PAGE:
Lessons to Be Learned from the Maya

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Tompkins Weekly May 7, 2012

By Richard W. Franke

On January 18, 909 C.E. (Common Era, or A.D.) a master carver put the last known date on a stone monument in Central America, then a part of the large Mayan civilization (Wright 2004:99). Thus ended the famous “Long Count” calendar of the Maya, a calendar recently revived by some mystics (and some commercial interests?) who have extrapolated its calculations to predict massive disasters on earth in December of 2012.

To see what will happen in December of this year we shall have to wait a few months, but we do know that Maya civilization collapsed in the ninth or tenth century, well ahead of both 2012 and the Spanish colonial conquest. One expert has estimated that during a 75-year period around that time the total population of the Maya dropped from 3 million to 450 thousand.

For academics the Maya collapse has stoked interest almost as keen as that for Rome – the subject of our previous Steps to Sustainability article. Maya civilization encompassed large urban areas such as Tikal that may have had 40,000 residents around 600 C.E. Maya temples have fascinated observers. They strongly influenced the architecture of Frank Lloyd Wright and played lead popular culture roles in the final scenes of the first episode of Star Wars.

During the classical or high period of Maya culture – 250 C.E. to 900 C.E. – the Maya built massive pyramids and carved masterful stone sculptures. They developed a complex writing system, created and utilized an efficient mathematics based on the number twenty and including the zero concept. Maya calculations of the times of the orbits of earth, Venus, and the moon and some eclipses, are within one point of modern astronomical values. Many Mayan computations were carved in stone on “stelae,” or ceremonial posts at the entrance to temples, neighborhoods or other sites.

Maya civilization was ultimately based on access to water and on maintaining the delicate soil of the region. Most of the area has a limestone base and lacks large rivers so the Maya accessed water by organizing their communities around “cenotes,” or large open wells. They also dug impressive canals – some up to a mile long, one hundred feet wide and ten feet deep. Water tended to seep down through the limestone base and water was always liable to slip away, especially as the region was vulnerable to droughts.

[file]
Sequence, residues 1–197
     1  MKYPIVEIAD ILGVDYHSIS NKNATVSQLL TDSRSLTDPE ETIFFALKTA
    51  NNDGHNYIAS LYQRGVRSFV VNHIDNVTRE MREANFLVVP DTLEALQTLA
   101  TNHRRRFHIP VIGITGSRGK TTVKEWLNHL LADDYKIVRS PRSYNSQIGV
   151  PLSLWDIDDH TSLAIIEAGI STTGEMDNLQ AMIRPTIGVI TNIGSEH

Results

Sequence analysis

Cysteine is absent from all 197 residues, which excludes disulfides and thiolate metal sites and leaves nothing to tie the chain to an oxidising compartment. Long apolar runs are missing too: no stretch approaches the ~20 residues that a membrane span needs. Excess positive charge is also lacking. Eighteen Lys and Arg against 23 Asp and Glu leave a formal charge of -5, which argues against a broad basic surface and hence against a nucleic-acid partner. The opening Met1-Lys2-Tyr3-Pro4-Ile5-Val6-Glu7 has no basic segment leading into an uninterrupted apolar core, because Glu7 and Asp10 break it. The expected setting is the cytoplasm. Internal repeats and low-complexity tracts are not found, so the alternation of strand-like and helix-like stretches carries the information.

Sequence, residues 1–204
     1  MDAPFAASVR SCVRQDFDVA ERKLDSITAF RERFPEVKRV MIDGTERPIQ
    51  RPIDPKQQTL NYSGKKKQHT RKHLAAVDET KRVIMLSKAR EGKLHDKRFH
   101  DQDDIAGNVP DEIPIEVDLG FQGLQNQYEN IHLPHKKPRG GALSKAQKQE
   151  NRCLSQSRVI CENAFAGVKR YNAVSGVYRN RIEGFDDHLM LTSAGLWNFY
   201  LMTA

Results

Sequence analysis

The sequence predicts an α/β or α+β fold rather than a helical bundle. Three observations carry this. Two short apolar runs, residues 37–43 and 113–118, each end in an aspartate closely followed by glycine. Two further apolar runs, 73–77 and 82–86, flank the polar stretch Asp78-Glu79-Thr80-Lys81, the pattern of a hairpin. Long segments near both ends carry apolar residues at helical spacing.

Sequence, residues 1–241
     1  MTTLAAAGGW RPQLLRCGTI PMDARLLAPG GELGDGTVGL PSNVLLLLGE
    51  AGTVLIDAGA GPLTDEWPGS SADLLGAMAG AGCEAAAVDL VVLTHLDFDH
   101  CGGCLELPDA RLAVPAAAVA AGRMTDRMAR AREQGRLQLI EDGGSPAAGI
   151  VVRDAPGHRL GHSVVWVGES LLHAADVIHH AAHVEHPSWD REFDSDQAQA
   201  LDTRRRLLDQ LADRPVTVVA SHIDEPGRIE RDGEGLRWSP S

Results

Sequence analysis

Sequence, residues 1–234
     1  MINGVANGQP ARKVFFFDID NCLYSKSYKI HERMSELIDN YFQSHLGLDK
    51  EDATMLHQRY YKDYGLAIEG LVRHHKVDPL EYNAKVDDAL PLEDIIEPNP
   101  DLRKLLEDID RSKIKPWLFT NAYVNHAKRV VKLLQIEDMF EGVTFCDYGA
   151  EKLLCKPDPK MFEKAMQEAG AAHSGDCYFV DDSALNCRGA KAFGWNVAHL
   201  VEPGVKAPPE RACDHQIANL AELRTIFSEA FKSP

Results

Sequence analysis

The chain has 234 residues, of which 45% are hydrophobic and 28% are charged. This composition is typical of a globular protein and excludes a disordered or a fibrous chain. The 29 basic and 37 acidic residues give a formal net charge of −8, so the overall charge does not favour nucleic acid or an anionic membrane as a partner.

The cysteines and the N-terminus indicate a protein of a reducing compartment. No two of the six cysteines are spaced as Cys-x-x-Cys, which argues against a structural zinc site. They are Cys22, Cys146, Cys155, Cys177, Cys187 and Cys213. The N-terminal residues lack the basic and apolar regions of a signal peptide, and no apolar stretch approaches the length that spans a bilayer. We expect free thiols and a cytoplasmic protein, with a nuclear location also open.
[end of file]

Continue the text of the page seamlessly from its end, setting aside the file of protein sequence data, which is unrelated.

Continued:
The demands of the spreading urban empires during the classical period, including the need to support rulers, soldiers, artists and perhaps a large priestly caste that carried out rituals, calculated solar orbits and managed the complex calendar system put pressure on the resource base. Occasional droughts interacted with the vulnerable soil and water limiting factors.

Archaeological research confirms significant inequality in height between Maya buried in tombs – thus higher classes – and those buried simply in the ground. Commoners had lower life expectancy and higher childhood nutritional deficiencies – differences striking enough to show up in the bones from the burials. The corn, squash, avocado, root crops and cotton produced could not continue to support the large the large unequal social structure. Eventually even the aristocrats began to suffer. Forests were turned to grasslands and mountain slopes were eroded when trees were chopped down. It is possible that the deforestation intensified the tendency towards droughts. Whenever droughts did hit, various cities went to war with each other, desperate to control the little water left in a region.

The Maya built a remarkable civilization on one of earth’s most vulnerable resource bases. Despite their great artistic and mathematical achievements they never solved the problem of managing their relationship to their life support system and they never abolished their highly hierarchical class system that contributed so much to their collapse.

Richard W. Franke is Professor Emeritus of Anthropology: Montclair State University, New Jersey, a resident of Ecovillage at Ithaca and a Board Member of Sustainable Tompkins.

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